Vaccination has greatly diminished death, illness and suffering in the world. But no other medical technology has been so dogged with controversy. The book chronicles the development of the key lifesaving vaccines since the 18th century. It tells the stories of great scientists and their discoveries, of the protests and pain along the stumbling path of progress. This is the first book to tell the whole story of vaccination for a general audience. In light of controversies about flu vaccine and autism, it will be of particular interest to parents, pediatricians, public health workers and anyone fascinated by medical history. Read More>>

Also Available: Table of Contents and Index

Arthur Allen is a Washington DC-based journalist who has written on vaccine issues in The New York Times Magazine, the Washington Post Magazine, The New Republic, Atlantic Monthly, Salon and Slate.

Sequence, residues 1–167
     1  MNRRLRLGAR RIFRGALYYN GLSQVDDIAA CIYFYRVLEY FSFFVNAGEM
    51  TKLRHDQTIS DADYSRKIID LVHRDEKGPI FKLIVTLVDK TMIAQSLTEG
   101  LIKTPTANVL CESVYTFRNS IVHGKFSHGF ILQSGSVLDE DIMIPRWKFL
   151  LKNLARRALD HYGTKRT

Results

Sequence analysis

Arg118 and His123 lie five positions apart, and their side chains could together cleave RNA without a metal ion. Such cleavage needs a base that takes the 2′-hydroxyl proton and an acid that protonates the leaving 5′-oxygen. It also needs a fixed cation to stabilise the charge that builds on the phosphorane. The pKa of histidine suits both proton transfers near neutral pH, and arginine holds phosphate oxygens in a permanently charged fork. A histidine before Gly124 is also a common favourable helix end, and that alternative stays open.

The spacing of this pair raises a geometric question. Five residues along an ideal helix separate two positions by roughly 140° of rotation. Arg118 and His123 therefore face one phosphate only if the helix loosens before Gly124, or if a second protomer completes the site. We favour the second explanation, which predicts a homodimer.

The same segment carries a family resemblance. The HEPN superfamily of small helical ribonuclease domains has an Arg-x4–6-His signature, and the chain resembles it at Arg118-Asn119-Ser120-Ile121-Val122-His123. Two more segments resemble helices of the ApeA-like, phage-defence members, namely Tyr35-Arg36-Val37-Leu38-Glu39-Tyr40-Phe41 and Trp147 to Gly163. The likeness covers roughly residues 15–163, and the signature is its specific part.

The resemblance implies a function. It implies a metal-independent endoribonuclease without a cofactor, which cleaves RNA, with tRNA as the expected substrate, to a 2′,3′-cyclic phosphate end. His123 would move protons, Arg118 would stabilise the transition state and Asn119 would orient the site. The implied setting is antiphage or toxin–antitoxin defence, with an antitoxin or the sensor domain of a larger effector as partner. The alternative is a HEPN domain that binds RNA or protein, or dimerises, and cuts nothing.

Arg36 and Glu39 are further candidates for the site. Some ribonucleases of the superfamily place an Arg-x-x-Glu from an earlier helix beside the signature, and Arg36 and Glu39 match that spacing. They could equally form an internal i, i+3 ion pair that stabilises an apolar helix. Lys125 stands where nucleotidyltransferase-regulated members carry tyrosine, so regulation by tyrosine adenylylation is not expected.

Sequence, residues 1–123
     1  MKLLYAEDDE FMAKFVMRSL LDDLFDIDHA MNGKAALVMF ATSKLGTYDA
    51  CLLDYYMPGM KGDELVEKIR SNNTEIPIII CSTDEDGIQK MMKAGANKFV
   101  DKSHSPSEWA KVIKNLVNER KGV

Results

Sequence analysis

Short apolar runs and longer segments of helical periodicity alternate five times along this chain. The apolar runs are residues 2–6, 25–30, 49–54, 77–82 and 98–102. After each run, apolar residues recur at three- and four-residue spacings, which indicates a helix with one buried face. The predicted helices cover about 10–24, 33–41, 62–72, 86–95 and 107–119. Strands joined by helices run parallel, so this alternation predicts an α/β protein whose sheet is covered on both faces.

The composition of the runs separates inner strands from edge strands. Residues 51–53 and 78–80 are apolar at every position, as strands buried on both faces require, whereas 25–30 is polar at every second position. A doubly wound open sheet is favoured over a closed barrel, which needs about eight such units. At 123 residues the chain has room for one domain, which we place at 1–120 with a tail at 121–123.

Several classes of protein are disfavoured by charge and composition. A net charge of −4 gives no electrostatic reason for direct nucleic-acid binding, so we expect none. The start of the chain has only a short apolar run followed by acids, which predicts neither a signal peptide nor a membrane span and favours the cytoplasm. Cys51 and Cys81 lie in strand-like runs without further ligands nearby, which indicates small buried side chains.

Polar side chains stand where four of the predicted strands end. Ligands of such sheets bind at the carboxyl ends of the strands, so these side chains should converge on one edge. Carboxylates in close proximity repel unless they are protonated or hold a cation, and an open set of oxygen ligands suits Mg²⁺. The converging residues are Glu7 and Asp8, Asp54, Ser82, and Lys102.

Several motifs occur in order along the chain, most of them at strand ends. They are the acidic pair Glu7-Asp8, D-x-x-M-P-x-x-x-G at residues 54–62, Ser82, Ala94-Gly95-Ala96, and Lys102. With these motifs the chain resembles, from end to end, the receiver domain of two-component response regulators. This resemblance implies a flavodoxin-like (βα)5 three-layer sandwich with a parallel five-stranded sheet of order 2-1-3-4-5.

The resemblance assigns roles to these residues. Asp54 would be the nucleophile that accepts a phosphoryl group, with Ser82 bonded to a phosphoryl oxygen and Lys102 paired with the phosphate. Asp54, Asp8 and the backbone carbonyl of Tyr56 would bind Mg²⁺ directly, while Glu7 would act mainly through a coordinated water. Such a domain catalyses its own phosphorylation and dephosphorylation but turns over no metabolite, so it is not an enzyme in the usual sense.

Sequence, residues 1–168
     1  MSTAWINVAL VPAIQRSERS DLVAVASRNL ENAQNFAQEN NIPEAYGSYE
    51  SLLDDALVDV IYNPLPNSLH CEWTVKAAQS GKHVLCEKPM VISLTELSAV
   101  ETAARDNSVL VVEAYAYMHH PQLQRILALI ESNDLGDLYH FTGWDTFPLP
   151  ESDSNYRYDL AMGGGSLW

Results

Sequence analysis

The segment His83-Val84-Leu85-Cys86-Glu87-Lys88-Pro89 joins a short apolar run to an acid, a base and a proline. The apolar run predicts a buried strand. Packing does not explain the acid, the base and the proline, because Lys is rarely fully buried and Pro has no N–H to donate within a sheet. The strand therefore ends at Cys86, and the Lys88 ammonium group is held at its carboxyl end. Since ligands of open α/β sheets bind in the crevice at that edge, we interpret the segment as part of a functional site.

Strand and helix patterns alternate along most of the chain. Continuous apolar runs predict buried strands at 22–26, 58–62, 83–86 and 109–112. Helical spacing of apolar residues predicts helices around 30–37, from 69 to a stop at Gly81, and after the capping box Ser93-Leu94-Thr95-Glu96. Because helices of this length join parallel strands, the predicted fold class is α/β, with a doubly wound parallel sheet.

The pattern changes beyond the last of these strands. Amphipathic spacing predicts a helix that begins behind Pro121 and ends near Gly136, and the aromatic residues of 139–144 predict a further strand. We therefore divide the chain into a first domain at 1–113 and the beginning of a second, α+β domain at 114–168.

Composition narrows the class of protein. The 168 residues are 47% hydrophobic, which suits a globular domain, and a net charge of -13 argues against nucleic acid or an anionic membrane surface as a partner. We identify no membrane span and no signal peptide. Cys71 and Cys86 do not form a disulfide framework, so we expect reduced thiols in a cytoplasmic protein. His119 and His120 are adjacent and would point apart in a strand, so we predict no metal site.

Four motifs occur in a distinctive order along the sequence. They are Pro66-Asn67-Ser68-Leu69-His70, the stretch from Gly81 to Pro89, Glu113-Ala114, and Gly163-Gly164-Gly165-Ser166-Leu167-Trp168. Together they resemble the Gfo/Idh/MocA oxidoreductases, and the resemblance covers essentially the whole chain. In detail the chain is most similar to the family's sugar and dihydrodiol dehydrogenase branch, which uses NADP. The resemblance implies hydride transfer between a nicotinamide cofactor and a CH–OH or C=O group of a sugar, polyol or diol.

Library Journal

Vaccines fighting this season's flu strain, cervical cancer, shingles, and childhood inner-ear infections have hit the news, while medical researchers, funded by Gates Foundation dollars, labor feverishly to develop vaccines against the Third World curses of tuberculosis, malaria, and AIDS. The undeniable history of disease prevention via vaccine, however, masks thousands of individual and familial tragedies, the unintended consequences of contaminated vaccines or catastrophic immune reactions. While most parents view routine inoculations as a sacred responsibility, others see a herd of Trojan horses that threaten a beloved child. Noted Washington-based journalist Allen has explored these issues in the New York Times , the Washington Post , and the Atlantic Monthly . Here, he authoritatively and objectively records the miracles, controversies, and tragedies that have accompanied the development of vaccines since Edward Jenner first combated smallpox in the 18th century. A separate chapter explores the alleged relationship between thimerosal, a vaccine preservative, and autism. This compelling narrative of the vaccine's undoubted triumphs and troubling challenges is highly recommended to serious readers interested in medicine and public health. --Kathy Arsenault, Univ. of South Florida at St. Petersburg Lib.


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